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This unit lets students explore Bollywood song and dance. Students will get to recreate aspects of traditional Indian dance and experiment with gestural movement, vocabulary and established choreographic conventions. In their research and performances, students will identify and present both traditional and contemporary aspects of the Bollywood genre. They will experience first-hand examples of global cultural fusion.
- Activity 1: Movement can have meaning
- Activity 2: Concepts of tradition
- Activity 3: Cultural fusion
- Activities 4-5
- Extension activities
Stage of schooling
Lower or Middle Secondary
Dance and Media
- Da5 Students explore, adapt and perform dance works from one or more countries in Asia that explore people's beliefs and values.
- Da6 Students investigate the spiritual, social and cultural contexts of dance works from one or more countries in Asia.
- Da7 Students choreograph and perform dance works demonstrating an understanding of
- conventions and techniques used in or influenced by the practice of dance in Asia.
- Da8 Students research and analyse the stylistic, technical and aesthetic features of traditional and contemporary dance works performed within or influenced by a culture in Asia.
- Me7.1 Students explore and synthesise traditional and contemporary sounds, images and themes to design and construct a media text about people in or from Asia.
- Me8.1 Students examine and discuss the features of media texts that locate them in particular societies, cultures and times.
- To what extent can movement be understood on a global level?
- What are the conventions of Bollywood choreography?
- What happens when movement is created to match specific lyrics?
- What do we mean by the terms 'tradition' and 'popular culture'?
- What is 'cultural fusion'?
- How do different cultures/mediums tell similar stories?
- What is the role of a film choreographer?
- What examples exist of fusion of Asian and Western cultures within the film genre?
This unit gives students opportunities to explore the Bollywood genre. After analysing this screenbased form of dance, students recreate aspects of traditional Indian dance and experiment with gestural movement, vocabulary and established choreographic conventions. Through their research and performance, students identify and present traditional and contemporary aspects of this genre. They explore the impact and influence of cultures as they experience examples of global cultural 'fusion'.
This unit can be a part of a longer investigation or form a study in itself. Ideally, students should be able to explore the genre through both physical and theoretical engagement. Although each dance sequence should be viewed within the context of the whole film, teachers should be aware that many of these films are quite lengthy and that film clips of most dance sequences can be found on YouTube. Each of these activities could be undertaken in a single lesson or could be developed over a much longer period. Choreographic tasks may require the teacher to provide scaffolded subtasks to ensure successful outcomes for all students.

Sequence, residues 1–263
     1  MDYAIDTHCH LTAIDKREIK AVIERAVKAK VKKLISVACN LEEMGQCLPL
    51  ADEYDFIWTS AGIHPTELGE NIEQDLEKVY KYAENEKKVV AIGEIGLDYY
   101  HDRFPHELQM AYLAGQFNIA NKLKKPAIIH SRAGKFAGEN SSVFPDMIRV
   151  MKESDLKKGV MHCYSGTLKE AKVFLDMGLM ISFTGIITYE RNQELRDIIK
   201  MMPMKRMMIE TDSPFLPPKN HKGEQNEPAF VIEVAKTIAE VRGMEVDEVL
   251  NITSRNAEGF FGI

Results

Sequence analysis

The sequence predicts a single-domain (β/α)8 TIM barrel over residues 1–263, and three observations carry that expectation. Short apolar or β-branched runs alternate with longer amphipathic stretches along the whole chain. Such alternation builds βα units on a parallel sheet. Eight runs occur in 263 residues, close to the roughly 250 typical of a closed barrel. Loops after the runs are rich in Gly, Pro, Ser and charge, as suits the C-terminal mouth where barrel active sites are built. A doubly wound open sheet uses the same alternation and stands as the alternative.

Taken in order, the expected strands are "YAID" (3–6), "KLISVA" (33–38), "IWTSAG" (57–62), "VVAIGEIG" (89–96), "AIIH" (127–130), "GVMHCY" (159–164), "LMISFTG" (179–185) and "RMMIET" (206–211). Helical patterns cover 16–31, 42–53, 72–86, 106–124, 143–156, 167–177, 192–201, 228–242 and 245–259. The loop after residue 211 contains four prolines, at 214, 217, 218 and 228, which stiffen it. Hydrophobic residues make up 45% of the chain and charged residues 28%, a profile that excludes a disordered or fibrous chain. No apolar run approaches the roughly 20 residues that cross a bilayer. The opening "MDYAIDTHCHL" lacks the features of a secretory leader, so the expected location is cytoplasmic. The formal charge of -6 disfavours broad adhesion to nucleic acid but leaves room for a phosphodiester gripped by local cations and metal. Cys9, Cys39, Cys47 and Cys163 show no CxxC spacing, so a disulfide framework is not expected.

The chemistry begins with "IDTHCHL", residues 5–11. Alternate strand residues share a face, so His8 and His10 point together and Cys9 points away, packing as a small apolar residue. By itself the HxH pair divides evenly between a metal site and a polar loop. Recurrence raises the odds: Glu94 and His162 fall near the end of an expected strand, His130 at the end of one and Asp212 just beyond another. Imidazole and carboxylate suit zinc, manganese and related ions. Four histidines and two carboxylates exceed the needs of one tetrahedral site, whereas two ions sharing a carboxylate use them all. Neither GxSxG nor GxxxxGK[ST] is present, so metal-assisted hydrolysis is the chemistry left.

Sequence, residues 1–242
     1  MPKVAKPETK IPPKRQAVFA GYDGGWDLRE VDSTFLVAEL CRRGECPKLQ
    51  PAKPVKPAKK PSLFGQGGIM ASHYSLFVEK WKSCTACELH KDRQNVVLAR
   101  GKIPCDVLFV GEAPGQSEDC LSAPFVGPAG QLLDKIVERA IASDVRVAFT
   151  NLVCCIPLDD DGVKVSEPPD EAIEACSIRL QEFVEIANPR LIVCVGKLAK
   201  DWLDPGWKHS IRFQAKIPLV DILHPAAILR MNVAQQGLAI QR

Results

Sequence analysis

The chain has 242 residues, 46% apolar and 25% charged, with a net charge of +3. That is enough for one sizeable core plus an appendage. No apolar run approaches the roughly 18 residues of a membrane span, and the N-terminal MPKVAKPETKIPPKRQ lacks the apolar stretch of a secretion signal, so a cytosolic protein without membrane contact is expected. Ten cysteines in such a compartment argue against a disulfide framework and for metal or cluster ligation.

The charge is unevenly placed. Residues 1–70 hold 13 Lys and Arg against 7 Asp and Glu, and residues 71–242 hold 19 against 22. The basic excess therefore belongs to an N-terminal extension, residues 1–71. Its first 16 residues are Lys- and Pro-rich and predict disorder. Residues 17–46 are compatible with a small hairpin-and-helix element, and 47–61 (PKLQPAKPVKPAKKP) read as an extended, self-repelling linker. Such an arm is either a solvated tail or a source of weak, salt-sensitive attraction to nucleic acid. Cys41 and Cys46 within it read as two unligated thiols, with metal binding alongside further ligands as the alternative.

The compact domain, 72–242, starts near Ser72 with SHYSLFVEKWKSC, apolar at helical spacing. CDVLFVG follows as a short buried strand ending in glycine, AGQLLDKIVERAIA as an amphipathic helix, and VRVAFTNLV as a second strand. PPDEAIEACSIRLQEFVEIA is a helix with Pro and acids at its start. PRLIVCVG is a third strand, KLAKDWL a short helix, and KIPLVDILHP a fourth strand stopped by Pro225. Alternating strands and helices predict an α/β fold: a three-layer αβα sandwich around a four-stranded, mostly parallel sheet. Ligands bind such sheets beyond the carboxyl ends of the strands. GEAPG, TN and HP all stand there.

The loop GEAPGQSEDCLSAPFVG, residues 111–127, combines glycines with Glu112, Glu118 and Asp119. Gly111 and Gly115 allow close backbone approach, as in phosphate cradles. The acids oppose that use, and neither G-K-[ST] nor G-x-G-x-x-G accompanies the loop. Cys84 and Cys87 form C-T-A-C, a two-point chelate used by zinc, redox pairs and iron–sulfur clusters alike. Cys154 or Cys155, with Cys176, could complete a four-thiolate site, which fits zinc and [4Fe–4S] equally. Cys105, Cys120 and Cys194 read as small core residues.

Note to teachers
The term 'Bollywood' formally describes a specific part of the multimillion dollar Indian film-making industry based in Mumbai. More than 800 feature films are produced in India each year. Most films are produced in Hindi (with subtitles) while some have been produced in English or dubbed into other Indian languages if they prove to be popular. Bollywood film and dance movements are becoming increasingly popular with Australia's South Asian community and within mainstream pop culture.
Bollywood films have a style of their own and are interspersed with song and dance sequences. While these may seem out of context to the new viewer, they are an integral part of this genre and the success of these films can often depend on the quality of the song and dance sequences. Dance choreography will vary from more 'traditional' Indian dance to sequences which are strongly influenced by western dance forms.
The films listed are rated as PG (parental guidance is recommended for persons under 15 years), however for students younger than fifteen, it should be possible to select the appropriate dance scenes (as described below).
The National Geographic website has a very accessible multimedia 'Behind the Scenes' account by an American photographer which might serve as a useful introduction to the Bollywood genre. The website 'Bollywhat' provides useful insights into common dance gestures and techniques used in several films studied in this unit. See the 'Links' section for a comprehensive list of websites.
- DVD player
Videos OR YouTube downloads:
- Karan Johar, Kabhi Khushi Kabhie Gham … 210 mins
- Sarat Chandra, Devdas 184 minutes
- Gurinder Chadha, Bride and Prejudice 107 minutes
- Aditya Chopra, Mohabbatein 216 minutes
- Gurinder Chadha, Bend It Like Beckham 108 minutes
- Voices and Visions from India CD-ROM, 2003, Curriculum Corporation, Melbourne.
- Austen, Jane, 1813, Pride and Prejudice.
Chakravorty, Pallabi, 2007, Bells of Change: Kathak Dance, Women, and Modernity in India, Seagull Books, Calcutta.